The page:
Thank Goddess they are as incompetent at cover ups as everything else.

      Fight on Kossaks

      "The pen is mightier than the sword, but only at a range of greater than five feet" Malaclypse the Younger

      by buhdydharma on Wed Dec 21, 2005 at 09:26:51 AM PST

      [ Parent ]

  •  Opportunity (4.00)
    This is an opportunity to draw Chief Justice Roberts into the controversy about Bush's secret and illegal spying of fellow Americans.

    How will Roberts decide to replace Robertson?

    Also, shouldn't the Alito hearings be postponed until the Judiciary Committee finishes hearings on Bush's violations of the Constitution?  

  •  When good people resign (none)
    I for one have watched an incredible number of people resign or be blasted out under this administration.  FDA Commissoner Lester Crawford. Linda Fisher, Deputy Director, EPA. General Eric Shinseki.  Secretary of Treasury Paul O'Neill. Bunnetine Greenhouse.  Don North, Iraqi Media Project.  Richard Clark. The list goes on.

    Here's an 'old' link on Anglo resignations (US, Britain, Australia) during the buildup to the war:

    Then there was 2004's "Diplomats and Military Commanders for Change".

    Is it just me, or has there ever been precedent for so many high-level people jumping this ship?  I know that thousands of good people remain, but damn! I hate to lose one more.

    •  I'm not familiar with all (none)
      the people on your list, but don't loose any sleep over Lester Crawford (Former head of the Food and Drug Administration [FDA}).  He was not forced to resign. He knew information was coming out about stock holdings his wife had in companies with products under review by the FDA. I read recently (sorry, can't remember where other than it was a Reuters article) that an investigation has now been launched against him.

      Also, as a result, Bush appointed Andrew von Eschenbach, the current director of the National Cancer Institute to serve as acting director of the FDA. von Eschenbach appointed a CEO at NCI (a position unheard of previously!) to 'run'the agency. However, the director newsletter produced by NCI is still authored by von Eschenbach. I'd like to know why anyone  thinks this is ethical. Afterall, results of NCI trials are used by the FDA for drug approvals. When it happened about a month ago, some senators expressed outrage but there has been silence since then.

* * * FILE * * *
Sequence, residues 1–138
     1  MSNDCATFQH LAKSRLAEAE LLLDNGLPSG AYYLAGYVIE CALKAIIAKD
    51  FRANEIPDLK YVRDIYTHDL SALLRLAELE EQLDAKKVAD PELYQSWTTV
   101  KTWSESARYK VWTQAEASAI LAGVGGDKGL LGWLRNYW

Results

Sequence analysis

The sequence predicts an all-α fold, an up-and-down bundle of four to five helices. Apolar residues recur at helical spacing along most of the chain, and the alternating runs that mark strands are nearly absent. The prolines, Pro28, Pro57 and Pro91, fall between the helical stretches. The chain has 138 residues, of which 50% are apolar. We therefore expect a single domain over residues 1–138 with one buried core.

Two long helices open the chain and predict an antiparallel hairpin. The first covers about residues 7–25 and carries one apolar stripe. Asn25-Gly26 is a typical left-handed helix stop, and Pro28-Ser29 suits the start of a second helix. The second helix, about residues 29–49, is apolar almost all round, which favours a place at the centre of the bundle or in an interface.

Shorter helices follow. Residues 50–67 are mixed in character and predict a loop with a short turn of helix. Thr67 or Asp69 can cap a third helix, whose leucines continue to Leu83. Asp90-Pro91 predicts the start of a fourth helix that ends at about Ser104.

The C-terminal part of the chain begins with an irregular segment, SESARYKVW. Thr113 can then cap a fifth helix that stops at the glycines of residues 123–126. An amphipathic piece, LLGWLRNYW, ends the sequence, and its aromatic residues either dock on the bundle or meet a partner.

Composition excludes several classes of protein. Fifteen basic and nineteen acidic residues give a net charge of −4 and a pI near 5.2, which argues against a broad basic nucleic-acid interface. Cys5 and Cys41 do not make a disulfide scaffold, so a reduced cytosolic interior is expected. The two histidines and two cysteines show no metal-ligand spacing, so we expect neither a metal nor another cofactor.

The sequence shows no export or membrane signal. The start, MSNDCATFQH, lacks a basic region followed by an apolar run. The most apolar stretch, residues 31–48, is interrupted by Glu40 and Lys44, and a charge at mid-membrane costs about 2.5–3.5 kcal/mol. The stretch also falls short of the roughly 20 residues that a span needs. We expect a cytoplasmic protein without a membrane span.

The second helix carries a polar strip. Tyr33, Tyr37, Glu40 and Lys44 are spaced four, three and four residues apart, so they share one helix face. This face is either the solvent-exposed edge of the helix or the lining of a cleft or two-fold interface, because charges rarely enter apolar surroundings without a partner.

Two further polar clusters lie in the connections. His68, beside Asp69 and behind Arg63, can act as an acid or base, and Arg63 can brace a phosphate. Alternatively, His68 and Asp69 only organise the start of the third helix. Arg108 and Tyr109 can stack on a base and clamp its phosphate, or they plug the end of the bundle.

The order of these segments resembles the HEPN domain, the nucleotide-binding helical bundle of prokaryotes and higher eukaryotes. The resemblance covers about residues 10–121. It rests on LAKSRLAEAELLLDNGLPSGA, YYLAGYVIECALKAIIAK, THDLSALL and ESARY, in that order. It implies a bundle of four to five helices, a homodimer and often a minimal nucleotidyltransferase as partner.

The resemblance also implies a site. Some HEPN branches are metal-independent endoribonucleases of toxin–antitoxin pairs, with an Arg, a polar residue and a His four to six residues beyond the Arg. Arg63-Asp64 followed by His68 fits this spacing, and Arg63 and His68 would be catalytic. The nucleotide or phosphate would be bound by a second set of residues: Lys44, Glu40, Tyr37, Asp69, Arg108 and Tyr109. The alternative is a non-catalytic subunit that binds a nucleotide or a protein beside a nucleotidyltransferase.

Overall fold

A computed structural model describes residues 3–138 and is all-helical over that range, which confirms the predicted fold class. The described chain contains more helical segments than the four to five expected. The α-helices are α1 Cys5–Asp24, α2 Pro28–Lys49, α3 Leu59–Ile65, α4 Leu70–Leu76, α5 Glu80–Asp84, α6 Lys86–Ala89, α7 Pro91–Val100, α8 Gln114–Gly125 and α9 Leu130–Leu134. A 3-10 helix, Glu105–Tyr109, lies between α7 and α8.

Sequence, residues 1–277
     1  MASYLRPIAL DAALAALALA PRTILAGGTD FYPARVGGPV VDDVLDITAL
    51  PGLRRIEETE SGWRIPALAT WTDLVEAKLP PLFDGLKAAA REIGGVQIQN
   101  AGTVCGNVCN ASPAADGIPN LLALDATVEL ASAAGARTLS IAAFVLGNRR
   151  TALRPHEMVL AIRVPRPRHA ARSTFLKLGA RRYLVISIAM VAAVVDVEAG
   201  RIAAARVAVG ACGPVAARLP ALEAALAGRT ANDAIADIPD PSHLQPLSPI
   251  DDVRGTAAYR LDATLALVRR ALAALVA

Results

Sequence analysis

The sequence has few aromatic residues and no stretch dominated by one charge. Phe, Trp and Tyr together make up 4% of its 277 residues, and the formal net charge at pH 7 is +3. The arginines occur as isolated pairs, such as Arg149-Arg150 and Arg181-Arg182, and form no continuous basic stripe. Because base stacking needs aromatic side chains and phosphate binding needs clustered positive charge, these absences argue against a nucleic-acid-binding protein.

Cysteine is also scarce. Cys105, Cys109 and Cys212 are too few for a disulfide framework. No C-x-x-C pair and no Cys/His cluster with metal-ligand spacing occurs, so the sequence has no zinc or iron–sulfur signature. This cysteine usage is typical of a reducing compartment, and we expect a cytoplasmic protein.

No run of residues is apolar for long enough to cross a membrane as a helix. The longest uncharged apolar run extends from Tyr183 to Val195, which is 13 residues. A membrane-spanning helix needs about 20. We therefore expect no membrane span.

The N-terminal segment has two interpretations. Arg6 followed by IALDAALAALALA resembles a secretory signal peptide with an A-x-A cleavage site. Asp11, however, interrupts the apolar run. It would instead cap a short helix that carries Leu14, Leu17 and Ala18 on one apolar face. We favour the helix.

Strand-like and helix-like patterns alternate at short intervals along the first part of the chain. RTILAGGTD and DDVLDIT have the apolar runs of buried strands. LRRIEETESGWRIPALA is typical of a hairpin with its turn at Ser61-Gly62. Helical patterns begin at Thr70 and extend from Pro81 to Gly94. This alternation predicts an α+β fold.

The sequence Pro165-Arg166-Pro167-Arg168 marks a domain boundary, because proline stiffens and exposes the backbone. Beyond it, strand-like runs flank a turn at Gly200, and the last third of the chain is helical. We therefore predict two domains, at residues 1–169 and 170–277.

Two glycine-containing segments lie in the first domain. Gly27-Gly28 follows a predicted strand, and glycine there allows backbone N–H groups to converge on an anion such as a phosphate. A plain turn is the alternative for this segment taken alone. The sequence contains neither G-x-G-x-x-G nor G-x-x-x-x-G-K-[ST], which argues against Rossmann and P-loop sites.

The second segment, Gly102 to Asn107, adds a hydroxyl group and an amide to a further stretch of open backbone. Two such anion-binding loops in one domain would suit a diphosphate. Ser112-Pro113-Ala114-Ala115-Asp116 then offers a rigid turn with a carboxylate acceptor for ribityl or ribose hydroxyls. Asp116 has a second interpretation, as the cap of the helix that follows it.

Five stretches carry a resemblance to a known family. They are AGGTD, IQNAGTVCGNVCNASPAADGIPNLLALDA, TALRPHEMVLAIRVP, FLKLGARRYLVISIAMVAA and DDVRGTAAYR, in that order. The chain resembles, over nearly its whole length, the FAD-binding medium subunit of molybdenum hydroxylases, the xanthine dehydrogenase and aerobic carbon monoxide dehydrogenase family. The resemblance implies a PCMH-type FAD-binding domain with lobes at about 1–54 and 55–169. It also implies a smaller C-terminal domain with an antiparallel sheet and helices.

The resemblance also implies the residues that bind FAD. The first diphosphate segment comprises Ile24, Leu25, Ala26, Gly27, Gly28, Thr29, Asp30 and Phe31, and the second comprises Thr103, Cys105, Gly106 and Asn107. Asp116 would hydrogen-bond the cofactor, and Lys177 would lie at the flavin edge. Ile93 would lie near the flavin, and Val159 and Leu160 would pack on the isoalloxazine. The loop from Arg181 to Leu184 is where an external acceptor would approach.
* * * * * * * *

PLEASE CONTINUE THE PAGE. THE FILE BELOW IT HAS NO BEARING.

I could go on.... I've been wanting to diary this, but I log on from work and the publication I get my news from is not available online (The Cancer Letter)and I simply haven't found the time.

      I can tell you, anyone who cares about cancer research should be outraged. It's bad enough that the budget on the 'War on Cancer' has been slashed due to Bush's short-sighted plans and corporate welfare. But to make matters worse, the current NCI/FDA leadership wants to change the course of research to enable drugs to get to market faster when accurate data about short and long term risks and benefits are unknown.

      Big Pharma is having a very Merry Christmas.

    •  Also Google`Sibel Edmonds site (none)
      National Security Whistleblowers. Something like fifty folks who have resigned our been forced out of the intel community.

      A few hours before the Honorable judges retirement Pat Puchannon was on MSNBC asking if this is so bad, why has no one resigned? There ya go ya Cold War Dinosaur MotherFucker

      "The pen is mightier than the sword, but only at a range of greater than five feet" Malaclypse the Younger

      by buhdydharma on Wed Dec 21, 2005 at 09:34:04 AM PST

      [ Parent ]

  •  Yahoo News - pls rate up (4.00)
    This story is also on Yahoo news.  Right now it is only rated 3.5 stars, so pls click over and help rate it up.
    •  Done, thanks (4.00)
      At the end of the article it imples that the Honorable Judge suspects them of gathhering illegal info and then processing it through the FISC to 'launder' it.

      "The pen is mightier than the sword, but only at a range of greater than five feet" Malaclypse the Younger

      by buhdydharma on Wed Dec 21, 2005 at 09:38:40 AM PST

      [ Parent ]

  •  too bad he resigned (none)
    He had a good constitutional approach.  Now, when they are forced back to FISC, there will be one less decent jurist sitting across the bench from the neo fascists (language note: it is no longer correct to call them crypto fascists).

    Jorge's a renegade; there's blood on his hands, oil in his arteries and cyanide inside his glands...

    by nailbender on Wed Dec 21, 2005 at 09:49:11 AM PST